Wonderwall – Navigate By Photography

- - Magazines, Websites

Finally some real progress in magazine-like website design. Wonderwall is a new celebrity tabloid site created by MSN and it’s no surprise if you’re familiar with MSN’s history on the web (Brian from Media Storm used to work there) that they’ve innovated the logical next step. Reproducing magazines online requires using photography in a big and powerful way and I really don’t think anybody realizes the role it plays in navigation, as an entry point to the stories plus most importantly how it sets the tone of your publication for the readers and advertisers. Regardless of how you feel about the celebrity tabloid genre this is groundbreaking. More please.

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There Are 9 Comments On This Article.

  1. I think the interface is interesting and different, but functionally I found it difficult to navigate laterally. In other words, I could dig into any section but I had to back all the way out to visit another section. If there was another way to easily navigate between sections, it wasn’t immediately apparent.

  2. For those who hoard, check out Fast Company March 2007 Table of Contents. Wonderwall is a web version of that print design. Though I’m sure others have similar print examples. Very cool as an interactive. I’ll admit to liking a good celebrity story. Only drawback to such a non-standard homepage? I can’t pretend I’m reading a serious breaking news story.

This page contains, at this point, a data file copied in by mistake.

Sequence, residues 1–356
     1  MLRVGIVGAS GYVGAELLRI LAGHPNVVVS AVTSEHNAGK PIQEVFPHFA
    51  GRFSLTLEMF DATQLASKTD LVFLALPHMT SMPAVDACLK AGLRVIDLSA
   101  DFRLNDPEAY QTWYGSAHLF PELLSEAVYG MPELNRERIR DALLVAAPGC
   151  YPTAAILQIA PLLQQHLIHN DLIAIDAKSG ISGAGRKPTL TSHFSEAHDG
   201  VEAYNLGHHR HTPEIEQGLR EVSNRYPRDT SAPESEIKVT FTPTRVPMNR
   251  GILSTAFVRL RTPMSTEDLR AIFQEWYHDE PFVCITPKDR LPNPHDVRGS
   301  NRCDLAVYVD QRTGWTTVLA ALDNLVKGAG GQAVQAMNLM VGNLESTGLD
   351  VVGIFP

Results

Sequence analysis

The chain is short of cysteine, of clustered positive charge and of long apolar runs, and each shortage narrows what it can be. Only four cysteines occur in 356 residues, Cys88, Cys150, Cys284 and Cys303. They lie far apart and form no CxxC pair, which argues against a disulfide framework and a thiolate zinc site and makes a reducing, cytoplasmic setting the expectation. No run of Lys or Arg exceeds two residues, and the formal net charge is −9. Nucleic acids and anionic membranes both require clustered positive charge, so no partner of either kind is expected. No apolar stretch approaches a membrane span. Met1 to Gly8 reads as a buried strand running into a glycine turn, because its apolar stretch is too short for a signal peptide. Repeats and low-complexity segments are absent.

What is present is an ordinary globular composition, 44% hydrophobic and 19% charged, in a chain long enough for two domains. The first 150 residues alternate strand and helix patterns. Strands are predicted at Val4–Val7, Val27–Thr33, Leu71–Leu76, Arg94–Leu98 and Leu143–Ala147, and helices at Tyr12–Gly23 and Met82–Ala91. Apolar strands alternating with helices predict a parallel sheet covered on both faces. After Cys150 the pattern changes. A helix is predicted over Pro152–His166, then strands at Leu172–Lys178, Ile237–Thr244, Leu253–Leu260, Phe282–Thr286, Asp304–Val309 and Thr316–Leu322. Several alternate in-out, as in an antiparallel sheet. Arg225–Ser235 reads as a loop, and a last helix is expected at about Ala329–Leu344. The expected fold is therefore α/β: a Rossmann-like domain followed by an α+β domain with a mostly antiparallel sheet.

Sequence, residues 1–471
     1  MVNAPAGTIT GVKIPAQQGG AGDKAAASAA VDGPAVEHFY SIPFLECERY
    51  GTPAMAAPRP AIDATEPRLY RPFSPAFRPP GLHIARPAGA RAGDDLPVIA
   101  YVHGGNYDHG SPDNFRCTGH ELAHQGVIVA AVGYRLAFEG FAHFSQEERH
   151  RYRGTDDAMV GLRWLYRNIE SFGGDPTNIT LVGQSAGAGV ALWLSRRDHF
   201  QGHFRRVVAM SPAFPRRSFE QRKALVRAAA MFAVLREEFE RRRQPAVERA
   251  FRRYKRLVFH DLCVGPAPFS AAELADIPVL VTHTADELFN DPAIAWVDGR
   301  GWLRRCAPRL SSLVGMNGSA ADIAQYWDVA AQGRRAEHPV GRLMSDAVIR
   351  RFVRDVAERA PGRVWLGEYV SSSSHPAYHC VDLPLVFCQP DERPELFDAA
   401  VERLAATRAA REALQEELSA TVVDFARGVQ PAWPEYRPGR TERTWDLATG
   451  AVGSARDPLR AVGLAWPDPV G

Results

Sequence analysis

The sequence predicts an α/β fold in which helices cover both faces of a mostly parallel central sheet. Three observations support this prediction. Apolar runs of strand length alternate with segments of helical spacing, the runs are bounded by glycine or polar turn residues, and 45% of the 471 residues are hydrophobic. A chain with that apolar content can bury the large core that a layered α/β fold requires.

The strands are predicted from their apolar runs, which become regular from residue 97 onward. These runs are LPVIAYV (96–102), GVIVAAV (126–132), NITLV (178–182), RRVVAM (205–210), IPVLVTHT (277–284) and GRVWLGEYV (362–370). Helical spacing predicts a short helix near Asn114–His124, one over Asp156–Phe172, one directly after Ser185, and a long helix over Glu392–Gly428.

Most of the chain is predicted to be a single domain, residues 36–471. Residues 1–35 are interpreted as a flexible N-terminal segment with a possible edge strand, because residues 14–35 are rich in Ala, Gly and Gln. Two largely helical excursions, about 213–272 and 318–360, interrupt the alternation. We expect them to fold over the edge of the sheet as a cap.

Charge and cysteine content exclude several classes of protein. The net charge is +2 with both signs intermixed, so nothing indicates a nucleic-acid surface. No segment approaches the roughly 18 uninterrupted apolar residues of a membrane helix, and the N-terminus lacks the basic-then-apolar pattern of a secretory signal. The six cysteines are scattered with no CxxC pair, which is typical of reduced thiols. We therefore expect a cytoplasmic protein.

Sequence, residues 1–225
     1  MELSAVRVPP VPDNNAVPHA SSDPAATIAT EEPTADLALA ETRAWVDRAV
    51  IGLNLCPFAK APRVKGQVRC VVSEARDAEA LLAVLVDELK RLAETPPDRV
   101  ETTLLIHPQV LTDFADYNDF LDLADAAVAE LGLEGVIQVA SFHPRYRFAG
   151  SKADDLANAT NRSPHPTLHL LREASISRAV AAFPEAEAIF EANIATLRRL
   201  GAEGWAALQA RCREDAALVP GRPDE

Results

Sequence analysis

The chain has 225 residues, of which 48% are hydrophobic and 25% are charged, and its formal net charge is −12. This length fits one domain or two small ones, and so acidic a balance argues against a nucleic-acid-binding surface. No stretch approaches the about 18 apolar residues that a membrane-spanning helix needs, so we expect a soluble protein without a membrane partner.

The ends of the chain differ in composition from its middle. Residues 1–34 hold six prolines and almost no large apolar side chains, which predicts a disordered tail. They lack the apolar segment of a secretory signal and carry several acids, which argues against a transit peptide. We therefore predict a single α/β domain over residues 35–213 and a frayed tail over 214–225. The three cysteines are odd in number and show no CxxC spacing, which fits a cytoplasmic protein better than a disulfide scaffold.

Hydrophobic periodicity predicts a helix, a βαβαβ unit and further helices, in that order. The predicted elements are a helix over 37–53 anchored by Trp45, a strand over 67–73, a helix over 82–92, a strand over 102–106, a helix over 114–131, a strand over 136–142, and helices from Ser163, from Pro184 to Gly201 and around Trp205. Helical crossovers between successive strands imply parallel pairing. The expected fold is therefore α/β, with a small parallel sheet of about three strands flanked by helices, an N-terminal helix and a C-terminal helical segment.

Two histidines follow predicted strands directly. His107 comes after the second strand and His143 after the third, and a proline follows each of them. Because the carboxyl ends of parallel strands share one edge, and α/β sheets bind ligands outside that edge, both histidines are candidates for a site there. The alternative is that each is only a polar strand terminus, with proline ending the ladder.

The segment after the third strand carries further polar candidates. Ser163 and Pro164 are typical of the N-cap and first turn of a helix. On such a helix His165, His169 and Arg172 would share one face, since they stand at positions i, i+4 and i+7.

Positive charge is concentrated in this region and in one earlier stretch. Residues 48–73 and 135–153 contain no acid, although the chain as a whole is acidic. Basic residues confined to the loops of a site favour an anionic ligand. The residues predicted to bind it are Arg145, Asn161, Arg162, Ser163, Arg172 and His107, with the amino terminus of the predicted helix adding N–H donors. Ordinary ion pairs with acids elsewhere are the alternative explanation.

Critics of industry meltdown say that media continues to lead in tech advances online, but fails on innovation with design and functionality. Majority of newspaper sites have a similar templates. Mag sites distinguish themselves but often don’t deliver on personality. Nice if Wonderwall sparks a trend.

    Fun way to start a work day. Thanks.

  3. Kind of reminds me of Firefox’s Cooliris. I’m finding the ad placement especially annoying. I’ll give them a pass on that since it’s still in beta. Overall, interesting format, could be a winner. Kudos to them for breaking the status quo.

  4. Tough to get more usable and ergonomic than a printed magazine. When web magazines can repeat some of that user friendliness, then they can be more successful. I am reminded of something I heard from a TBWA/Chiat/Day creative last week: “know your target audience”. Quite often we can be creating content for which we are not the target audience.

  5. Awesome and simple. I wonder what is taking the magazines to get with it. Ahhh they must be doing so much business that its taking up all their time and they’ll get to a better web presence once they slow down.